On the one hand, Blum raises interesting and important questions and ideas about plagiarism and how we treat it in the academic and professional worlds. On the other hand, all she's really accomplished to this point is to note that there is a difference between cheating and improper documentation and to assert that we need to understand plagiarism better.

That's a good start, I suppose. After all, I'm only 28 pages into a book that tackles a very difficult issue. I am moved to comment about two specific bits here in the early going -- one each about cheating and poor citation.

Blum points out the growth in articles about plagiarism in the past ten years or so and says, "Many see this increase as evidence of a crisis; others see it as evidence of moral panic" (21). She soon makes it pretty clear that she is one of the latter by giving an interesting history of pervasive cheating for more than a millenium in imperial China.

Her point is not, of course, to pick on the Chinese or to justify cheating by American students. Rather, her story illustrates that given sufficiently high stakes, just about anyone is prone to stacking the odds in their favor, especially if the odds seem slim to begin with. While I'm not sure where she is going to take this idea, I'm intrigued by the implications it has on academia given our culture's growing awareness of the value of education (especially the economic value of it) and our insistence on providing "access" at almost any cost.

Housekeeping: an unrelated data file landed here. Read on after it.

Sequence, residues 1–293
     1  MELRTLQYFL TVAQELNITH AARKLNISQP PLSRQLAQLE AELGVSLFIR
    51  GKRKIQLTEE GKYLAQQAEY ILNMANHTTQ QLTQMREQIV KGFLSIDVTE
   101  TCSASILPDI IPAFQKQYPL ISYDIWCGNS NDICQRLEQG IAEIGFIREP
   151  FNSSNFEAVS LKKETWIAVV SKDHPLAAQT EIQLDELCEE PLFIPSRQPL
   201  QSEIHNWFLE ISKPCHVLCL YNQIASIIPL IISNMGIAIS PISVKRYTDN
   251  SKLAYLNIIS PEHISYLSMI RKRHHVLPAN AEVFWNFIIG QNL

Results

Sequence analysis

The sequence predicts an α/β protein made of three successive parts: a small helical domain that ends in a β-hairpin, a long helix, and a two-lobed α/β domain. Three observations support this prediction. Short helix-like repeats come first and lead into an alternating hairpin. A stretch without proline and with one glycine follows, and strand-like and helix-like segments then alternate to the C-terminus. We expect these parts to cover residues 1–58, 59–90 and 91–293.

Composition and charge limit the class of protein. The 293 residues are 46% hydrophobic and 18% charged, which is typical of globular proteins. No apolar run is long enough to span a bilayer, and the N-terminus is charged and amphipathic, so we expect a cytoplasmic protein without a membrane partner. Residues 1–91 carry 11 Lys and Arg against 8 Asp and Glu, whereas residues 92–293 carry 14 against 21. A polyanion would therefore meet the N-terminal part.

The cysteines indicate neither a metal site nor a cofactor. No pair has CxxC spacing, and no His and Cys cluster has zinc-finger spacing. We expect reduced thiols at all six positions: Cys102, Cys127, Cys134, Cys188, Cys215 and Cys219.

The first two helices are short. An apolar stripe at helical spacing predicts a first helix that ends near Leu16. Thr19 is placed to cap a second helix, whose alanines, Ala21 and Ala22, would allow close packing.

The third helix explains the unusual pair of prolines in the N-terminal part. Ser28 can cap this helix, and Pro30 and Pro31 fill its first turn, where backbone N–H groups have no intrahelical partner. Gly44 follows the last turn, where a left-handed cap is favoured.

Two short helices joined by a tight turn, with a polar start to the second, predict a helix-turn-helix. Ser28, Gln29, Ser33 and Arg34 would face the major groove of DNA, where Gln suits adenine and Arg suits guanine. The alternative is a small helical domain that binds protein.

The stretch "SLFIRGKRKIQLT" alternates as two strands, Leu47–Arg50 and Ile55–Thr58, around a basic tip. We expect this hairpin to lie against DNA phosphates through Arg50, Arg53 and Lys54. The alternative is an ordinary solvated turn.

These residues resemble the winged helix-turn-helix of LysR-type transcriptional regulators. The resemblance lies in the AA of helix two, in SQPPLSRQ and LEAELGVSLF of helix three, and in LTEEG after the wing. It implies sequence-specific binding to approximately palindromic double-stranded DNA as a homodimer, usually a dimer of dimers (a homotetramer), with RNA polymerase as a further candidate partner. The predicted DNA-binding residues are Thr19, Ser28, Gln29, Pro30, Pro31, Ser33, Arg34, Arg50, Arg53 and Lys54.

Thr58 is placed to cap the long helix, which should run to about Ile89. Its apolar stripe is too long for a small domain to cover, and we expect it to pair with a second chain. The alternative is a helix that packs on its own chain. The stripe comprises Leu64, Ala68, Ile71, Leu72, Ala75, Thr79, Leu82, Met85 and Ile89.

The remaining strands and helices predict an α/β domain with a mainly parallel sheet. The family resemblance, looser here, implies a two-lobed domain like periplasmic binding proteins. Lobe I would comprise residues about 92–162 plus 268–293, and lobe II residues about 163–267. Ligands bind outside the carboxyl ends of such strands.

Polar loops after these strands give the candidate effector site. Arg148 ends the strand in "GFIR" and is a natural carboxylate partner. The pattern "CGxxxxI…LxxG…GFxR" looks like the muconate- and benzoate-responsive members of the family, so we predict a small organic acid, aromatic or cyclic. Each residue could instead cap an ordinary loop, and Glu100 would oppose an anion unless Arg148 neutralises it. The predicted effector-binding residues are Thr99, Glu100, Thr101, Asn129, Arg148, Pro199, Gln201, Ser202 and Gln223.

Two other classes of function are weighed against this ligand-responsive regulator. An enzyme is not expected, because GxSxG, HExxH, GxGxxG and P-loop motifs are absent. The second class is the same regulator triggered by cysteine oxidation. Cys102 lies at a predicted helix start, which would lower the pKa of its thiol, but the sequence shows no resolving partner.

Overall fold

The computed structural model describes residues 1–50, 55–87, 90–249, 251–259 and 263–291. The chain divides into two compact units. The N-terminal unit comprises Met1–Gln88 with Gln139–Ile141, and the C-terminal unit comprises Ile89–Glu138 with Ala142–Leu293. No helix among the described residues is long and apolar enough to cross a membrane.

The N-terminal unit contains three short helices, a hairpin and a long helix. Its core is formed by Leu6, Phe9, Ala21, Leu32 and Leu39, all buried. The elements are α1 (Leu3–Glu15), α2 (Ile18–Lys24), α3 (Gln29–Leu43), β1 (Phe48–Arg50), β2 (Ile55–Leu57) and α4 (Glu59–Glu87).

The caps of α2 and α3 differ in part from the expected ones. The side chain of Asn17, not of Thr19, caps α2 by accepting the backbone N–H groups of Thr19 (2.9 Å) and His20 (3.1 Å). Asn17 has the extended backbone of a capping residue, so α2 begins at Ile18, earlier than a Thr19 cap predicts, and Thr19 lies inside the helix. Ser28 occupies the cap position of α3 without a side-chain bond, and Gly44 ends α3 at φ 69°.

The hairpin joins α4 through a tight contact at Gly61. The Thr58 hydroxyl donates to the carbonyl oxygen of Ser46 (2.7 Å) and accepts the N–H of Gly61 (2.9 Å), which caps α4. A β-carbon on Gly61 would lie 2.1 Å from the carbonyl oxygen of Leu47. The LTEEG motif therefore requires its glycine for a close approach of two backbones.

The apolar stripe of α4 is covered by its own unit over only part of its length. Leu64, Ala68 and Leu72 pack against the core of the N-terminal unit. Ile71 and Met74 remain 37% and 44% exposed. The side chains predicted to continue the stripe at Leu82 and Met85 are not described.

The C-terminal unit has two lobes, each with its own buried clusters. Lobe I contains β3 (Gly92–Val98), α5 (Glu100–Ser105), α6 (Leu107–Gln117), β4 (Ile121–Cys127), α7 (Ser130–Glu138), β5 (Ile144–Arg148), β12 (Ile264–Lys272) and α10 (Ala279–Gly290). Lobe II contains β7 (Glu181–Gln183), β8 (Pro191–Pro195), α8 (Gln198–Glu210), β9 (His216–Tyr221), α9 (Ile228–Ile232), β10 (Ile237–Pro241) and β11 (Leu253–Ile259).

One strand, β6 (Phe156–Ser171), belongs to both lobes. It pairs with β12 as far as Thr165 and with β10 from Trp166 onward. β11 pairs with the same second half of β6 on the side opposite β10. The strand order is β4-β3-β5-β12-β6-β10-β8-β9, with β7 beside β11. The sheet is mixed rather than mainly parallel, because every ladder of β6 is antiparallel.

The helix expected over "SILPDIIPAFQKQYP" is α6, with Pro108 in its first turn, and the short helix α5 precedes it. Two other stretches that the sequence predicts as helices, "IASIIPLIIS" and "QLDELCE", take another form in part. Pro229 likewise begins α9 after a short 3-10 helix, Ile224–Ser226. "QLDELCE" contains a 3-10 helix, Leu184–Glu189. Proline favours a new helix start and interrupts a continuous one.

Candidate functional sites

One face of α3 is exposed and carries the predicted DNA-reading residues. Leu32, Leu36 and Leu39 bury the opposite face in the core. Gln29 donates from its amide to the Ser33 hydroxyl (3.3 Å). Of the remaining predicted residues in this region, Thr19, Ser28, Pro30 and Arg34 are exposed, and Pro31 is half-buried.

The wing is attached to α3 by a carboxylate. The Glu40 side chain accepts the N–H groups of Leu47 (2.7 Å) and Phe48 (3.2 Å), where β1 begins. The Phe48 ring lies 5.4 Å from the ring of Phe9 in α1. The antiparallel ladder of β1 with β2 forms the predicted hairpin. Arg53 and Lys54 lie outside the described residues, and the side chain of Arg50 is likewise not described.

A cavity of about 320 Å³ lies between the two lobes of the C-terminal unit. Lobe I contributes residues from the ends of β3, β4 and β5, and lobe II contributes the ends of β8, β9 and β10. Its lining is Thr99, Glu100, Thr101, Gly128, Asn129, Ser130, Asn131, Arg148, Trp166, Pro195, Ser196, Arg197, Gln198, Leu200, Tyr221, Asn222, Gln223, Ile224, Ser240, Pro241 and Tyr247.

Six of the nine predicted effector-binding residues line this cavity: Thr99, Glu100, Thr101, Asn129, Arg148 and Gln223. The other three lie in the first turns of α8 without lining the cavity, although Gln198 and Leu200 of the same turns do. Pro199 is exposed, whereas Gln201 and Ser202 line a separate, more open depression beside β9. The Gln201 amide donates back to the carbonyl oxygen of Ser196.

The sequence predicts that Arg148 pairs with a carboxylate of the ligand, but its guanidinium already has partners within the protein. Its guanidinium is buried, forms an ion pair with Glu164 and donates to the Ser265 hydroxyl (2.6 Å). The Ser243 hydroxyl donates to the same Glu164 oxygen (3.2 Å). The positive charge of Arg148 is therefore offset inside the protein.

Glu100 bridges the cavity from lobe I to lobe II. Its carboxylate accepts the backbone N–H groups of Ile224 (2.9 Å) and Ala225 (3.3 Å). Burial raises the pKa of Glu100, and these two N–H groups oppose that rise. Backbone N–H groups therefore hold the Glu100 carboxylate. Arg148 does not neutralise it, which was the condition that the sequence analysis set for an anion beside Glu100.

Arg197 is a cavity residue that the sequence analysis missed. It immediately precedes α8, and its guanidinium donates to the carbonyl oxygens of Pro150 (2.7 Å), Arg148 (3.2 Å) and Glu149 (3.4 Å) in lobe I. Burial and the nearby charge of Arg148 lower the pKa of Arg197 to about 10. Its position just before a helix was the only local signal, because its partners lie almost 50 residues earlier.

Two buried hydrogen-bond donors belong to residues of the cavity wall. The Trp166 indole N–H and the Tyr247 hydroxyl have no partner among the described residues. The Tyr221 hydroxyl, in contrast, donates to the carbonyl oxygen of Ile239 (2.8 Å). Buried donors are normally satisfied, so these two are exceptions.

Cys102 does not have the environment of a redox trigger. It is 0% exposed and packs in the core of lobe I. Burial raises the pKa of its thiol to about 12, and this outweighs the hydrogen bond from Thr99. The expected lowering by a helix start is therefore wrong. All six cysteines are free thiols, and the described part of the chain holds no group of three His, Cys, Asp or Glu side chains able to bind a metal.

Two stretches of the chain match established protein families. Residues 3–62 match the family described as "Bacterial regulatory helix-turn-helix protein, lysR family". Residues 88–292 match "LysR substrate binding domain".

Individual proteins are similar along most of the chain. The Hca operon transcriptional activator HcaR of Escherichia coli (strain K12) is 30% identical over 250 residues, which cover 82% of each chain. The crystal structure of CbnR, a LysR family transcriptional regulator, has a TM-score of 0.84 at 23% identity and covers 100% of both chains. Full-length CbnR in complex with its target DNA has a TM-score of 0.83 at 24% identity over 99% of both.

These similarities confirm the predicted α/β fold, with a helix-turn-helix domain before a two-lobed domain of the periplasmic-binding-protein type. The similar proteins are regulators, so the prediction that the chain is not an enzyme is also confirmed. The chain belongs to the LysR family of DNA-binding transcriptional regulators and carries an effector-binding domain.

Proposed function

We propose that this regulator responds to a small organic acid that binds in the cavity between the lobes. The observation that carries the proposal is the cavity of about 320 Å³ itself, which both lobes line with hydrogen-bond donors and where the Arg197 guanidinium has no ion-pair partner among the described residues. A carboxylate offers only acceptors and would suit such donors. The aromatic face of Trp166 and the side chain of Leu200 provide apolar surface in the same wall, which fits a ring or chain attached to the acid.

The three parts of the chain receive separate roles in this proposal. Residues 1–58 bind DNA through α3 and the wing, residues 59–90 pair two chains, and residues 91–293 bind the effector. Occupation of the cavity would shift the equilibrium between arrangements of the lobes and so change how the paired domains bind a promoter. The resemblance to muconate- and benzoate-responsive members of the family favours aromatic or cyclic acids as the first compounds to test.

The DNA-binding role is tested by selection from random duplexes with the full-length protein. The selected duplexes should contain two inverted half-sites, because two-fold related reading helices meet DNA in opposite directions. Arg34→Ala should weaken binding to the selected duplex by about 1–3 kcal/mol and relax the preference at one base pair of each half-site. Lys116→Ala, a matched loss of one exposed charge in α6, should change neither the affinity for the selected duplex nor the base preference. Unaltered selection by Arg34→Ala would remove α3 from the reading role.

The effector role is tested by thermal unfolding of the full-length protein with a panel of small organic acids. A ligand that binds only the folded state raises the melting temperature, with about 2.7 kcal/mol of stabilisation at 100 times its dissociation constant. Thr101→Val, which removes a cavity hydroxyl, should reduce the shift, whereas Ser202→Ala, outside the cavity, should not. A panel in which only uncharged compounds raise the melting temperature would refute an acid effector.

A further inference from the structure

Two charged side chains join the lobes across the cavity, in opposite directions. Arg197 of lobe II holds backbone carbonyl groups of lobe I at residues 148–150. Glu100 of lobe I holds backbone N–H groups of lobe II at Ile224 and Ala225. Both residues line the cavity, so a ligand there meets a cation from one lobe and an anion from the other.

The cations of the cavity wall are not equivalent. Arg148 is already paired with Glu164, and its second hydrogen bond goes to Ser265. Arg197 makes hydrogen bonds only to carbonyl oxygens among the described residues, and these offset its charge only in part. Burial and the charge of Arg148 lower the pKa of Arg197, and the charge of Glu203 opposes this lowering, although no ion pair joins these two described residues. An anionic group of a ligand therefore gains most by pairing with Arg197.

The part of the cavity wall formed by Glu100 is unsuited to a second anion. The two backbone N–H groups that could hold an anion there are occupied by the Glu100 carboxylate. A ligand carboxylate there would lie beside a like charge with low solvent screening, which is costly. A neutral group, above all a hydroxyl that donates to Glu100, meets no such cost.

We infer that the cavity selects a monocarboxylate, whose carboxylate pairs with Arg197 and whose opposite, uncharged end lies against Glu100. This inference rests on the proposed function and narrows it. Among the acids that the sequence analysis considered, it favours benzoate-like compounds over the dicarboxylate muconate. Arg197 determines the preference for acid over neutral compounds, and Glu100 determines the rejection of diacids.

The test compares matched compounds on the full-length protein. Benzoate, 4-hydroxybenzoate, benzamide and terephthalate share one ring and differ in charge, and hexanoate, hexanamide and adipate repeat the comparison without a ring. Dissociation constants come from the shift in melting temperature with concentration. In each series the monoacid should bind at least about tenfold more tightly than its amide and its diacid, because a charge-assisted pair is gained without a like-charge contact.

Her story also points out the futility of trying to stop such cheating, so clearly this is an issue that we'll need to apply some ingenuity to. (On a side note, her story also has interesting analogs to attempts by our growing security state to make us all "safe." I'll leave you to read her story and make of it what you will.)

Blum also shares some insights from Rebecca Moore Howard on what Howard calls "patchworking" (26-27). Patchworking, according to Howard, is the process by which novice academic writers re-work material from a source by changing its grammatical structure, word order, and word choice and then present the newly composed text as if their own.

Most academic faculty would view this as a form of plagiarism, but Howard sees it as an important step in a student's learning process. I agree.

The further we are from understanding, the more we have to rely on what some people call our "monkey brain." That is, in order to learn, we must first immitate. I have the great joy of watching my not-quite-two-year-old niece going through this process now.

My niece, you see, has a cat which she has learned, through imitation, to call "kitty." Of course, she isn't very sophisticated about language or animals yet so while she can correctly identify a kitty at 100 paces, she also identifies any four-legged and furry creature as a kitty. Luckily for her, she's very young and very cute so no one really cares that she doesn't know what she's talking about most of the time because, well, we expect it. We know it will be some time before she has catalogued enough furry, four-legged creatures to begin asking, "What's that?" when she encounters, say, a horse.